WASHINGTON (AP) — U.S. experts on Russia see a growing danger the crisis in Ukraine that has already taken thousands of lives could explode, although the latest cease-fire agreement has partially held.
U.S. and Western European moves to isolate Russia and damage its economy for its seizure of the Crimean peninsula and support of separatists in eastern Ukraine against the Western-backed central government have not forced President Vladimir Putin to back down.
The State Department says Russia is beefing up its troops and weapons along the Ukrainian border. Meanwhile, the U.S. has dispatched 300 American military trainers to work with the Ukraine army, and other NATO members are adding hundreds more.
Experts say that's a fuse of a much wider conflict waiting to be lit after a year of battle that the U.N. says has taken at least 6,100 lives.
Andrew Weiss, Russia expert at the Carnegie Endowment for International Peace, said an egregious action by Russian forces in eastern Ukraine or an incident between U.S. and Russian forces could cause an escalation. He said a recent near-collision of U.S. and Russian military jets over the Baltics highlighted the risk.
"So there's a lot of volatility here that's embedded in the crisis," Weiss said. "So I'm thinking the current lull just doesn't look sustainable. And it's only a matter of time before something triggers a new escalatory spiral."
Fighting in eastern Ukraine has ebbed substantially since the signing of a February cease-fire deal, but sporadic clashes still break out along the 280-mile front line separating government and rebel forces. U.S. Gen. Philip Breedlove, commander of NATO forces in Europe, told a congressional hearing Thursday that it appears Russian forces have used the lull in fighting to reposition for another offensive.
Western economic sanctions have taken their toll on the Russian economy that President Barack Obama said in his State of the Union address in January "was in tatters." The impact of those economic woes was felt most by average Russians.
Russia, however, has won some economic breathing space as its currency, the ruble, regained ground from panic-level lows at the end of last year. Oil prices — for the time — have ended a precipitous decline and the flow of capital out of the country has slowed. The latest poll by the independent Levada agency showed Putin's approval rating was an overwhelming 86 percent in April.
But there are signs that Russia could be headed for deeper economic problems. This year's first-quarter gross domestic product is off 2 percent and a fairly deep recession still is forecast for the next two to three years. Capital outflow this year is projected at $90 billion to $100 billion, which is much better than 2014's disaster, but that projection is still about 50 percent higher than the outflow of 2013. And oil prices, while stabilizing, are down about 50 percent, which cuts deeply into Russian government income.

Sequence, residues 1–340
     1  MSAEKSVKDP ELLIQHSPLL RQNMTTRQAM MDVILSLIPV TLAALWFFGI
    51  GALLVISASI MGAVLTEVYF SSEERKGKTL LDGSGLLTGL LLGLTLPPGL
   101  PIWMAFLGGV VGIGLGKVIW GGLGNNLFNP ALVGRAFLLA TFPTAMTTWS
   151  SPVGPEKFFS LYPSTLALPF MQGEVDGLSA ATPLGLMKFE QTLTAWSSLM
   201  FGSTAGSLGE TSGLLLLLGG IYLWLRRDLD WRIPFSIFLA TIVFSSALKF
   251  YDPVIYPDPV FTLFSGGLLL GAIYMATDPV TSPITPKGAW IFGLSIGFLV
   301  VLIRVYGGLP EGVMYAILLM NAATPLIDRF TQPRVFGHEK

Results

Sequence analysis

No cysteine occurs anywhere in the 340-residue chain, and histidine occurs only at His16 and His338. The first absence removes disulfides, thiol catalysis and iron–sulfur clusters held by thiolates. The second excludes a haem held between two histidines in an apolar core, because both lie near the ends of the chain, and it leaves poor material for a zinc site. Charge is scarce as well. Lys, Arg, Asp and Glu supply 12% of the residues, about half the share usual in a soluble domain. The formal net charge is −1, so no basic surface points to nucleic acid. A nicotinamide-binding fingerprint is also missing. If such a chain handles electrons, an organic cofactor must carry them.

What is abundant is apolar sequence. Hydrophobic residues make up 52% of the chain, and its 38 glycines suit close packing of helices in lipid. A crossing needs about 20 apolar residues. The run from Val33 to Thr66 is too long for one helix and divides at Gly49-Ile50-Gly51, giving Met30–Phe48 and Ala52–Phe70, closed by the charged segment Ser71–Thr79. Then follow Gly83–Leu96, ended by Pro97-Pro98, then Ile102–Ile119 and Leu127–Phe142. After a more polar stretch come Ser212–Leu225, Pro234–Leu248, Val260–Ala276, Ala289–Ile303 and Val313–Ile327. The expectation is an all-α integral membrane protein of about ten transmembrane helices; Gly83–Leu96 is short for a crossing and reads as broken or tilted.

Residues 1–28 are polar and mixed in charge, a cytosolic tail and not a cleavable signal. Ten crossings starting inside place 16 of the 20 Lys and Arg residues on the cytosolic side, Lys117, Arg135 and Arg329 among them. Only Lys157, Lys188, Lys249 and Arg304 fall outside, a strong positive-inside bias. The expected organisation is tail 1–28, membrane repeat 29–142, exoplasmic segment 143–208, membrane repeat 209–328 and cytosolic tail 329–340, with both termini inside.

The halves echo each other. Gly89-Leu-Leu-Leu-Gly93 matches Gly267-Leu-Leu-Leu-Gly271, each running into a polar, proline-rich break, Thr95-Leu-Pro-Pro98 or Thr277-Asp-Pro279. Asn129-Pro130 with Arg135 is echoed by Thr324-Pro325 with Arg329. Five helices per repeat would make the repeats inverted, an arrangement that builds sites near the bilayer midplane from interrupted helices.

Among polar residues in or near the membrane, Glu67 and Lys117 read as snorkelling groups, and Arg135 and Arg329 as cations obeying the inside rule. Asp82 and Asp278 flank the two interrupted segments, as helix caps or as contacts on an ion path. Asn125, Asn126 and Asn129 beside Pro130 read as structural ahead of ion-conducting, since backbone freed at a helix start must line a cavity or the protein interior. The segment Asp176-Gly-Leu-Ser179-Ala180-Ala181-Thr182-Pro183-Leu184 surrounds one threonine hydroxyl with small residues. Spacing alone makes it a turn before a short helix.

"You've seen some bad news about the Russian economy," Weiss said, "but nothing that's catastrophic or dire. None of what has been put on the table so far (in terms of sanctions) has had an effect on what Putin will do or not do in Ukraine tomorrow."
As for Ukraine itself, Weiss warns that the state is fragile, and it will be difficult for President Petro Poroshenko to deliver on ambitions for significant economic reform and changes in the political system that has been dominated by a corrupt Ukrainian elite for most of the past 25 years.
So what is the way out of the standoff?
"At the moment all the signs are bad," said Stephen Cohen, a Russia expert and professor emeritus at Princeton and New York University.
Cohen is a longtime and vocal critic of American policy toward Russia. He, like Putin, believes U.S. policy has been provocative ever since the collapse of the Soviet Union in 1991, starting with the expansion of NATO into former Soviet republics and Soviet satellite nations in Eastern and Central Europe.
Washington is determined that the new Western-leaning Ukraine government be freed of Moscow's orbit. Putin has declared it must not.
"Putin has said from the beginning what he wants is enough home-rule in the southeastern territory," Cohen said of the industrial and coal-producing region that is heavily populated with ethnic Russians.
Putin has said he's never going to desert the people in eastern Ukraine. And he wants a guarantee that Ukraine never joins the NATO alliance.
Who's going to blink?
EDITOR'S NOTE — Steven R. Hurst, Associated Press international political writer, served 12 years as Moscow bureau chief for the AP, NBC News and CNN.